All in all, this #edchat provided a perfect mix of everything that makes it so valuable: expertise, criticism, commitment, anger, introspection, idealism, frustration, creativity, dilemma, hope, ideas and a refreshing portion of humour in countless contributions.

 Thanks, PLE!

 Here are some of the main themes from the discussion: 

Are we, by focussing on high and low achieving learners, neglecting those “in the middle”? As mentioned above, instead of producing simple answers to the given question, contributions mainly dealt with three themes:

  •  Is it fair to label students?
  • What is our assessment’s objective?
  • How can we motivate all learners?

Here is a selection of some of the comments: 

There was so much wisdom and wit in this #edchat session!

a) Part 1: Is it fair to label students?

@paulawhite – We’re not neglecting teaching middle children – we’re neglecting teaching ALL children well.
@sguditus – It’s easy to forget that when we teach to a particular niche that usually those techniques are good for ALL learners.
@paulawhite – Our expectations for all children are WAY below what they can do—and DO outside of school pursuing their own interests/passions
@mrdfleming – The question should be “am I giving each student what they need?” Sure low students will require more time, because they need more
@cybraryman1 – We cannot overlook any of the students that we teach. DI should be employed: http://bit.ly/bOWv96
@theprofspage – Middle kids are not failing but not being challenged. Students with Bs or Cs. No discipline problems.
@malcolmbellamy – the minute we talk about “middle” we are labelling
@paulawhite – children have passions – we need to find those and allow ALL students to use their strengths.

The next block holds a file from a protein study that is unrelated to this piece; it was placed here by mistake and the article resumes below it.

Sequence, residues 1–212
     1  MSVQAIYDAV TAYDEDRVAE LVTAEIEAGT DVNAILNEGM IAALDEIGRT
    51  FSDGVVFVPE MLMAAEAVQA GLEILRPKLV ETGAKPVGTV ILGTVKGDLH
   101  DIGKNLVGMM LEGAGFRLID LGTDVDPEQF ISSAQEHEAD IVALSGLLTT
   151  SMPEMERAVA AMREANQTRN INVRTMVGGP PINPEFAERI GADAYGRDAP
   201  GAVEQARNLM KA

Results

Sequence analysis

@discomfortzone – Is the current curriculum the reason why we put people on a scale from low to high achievers? Who is it we compare the learners to?
@rliberni – Does the drive for tangible results stop us seeing students/children as individuals?
@davidwees – I hate thinking of kids as being “low”, “middle” or “high”. Kids will meet expectations.
@flourishingkids – We need to help kids discover own passions 4 learning & get them out of thinking it only occurs at school.
@davidwees – Would you want the teacher of your kid to tell you that your kid is “just average”? Are they average to you?
@flourishingkids – One problem is that kids often learn at own pace/ timetables. School is rigid. Kids are, flexible and fluid.
@Room5Friends – @4thGrdTeach Exactly my point. No matter how you “rank” them, it’s subjective, so why rank them? Why label them?
@discomfortzone – In Germany we put low achiv. into “Hauptschule”; middle into “Realschule” and high into “Gymnasium” after FOUR yrs of elem. SAD.
@malcolmbellamy – We need to allow children the freedom to learn not the straightjacket of setting by our expectations.
@suedensmore: Why do we have to rank them at all? Shouldn’t properly designed rubrics help prevent ranking?
@gericoats – I don’t think all kids should be sorted, however, when there is a drastic difference in ability between peers it should be addressed
@findingdulcinea – Labeling is convenient for schools/teachers, harmful to kids. RT @EricBurgess Labeling kids is destructive, I think.
@MissCheska – @STEDISub I think labeling leads to self-fulfilling prophecies. If we can instill self-confidence in our stdts, then yes
@web20classroom – Just thinking that kids are all different. Thinking maybe there isn’t really a middle anymore…

 b) Part 2: What is our assessment’s objective?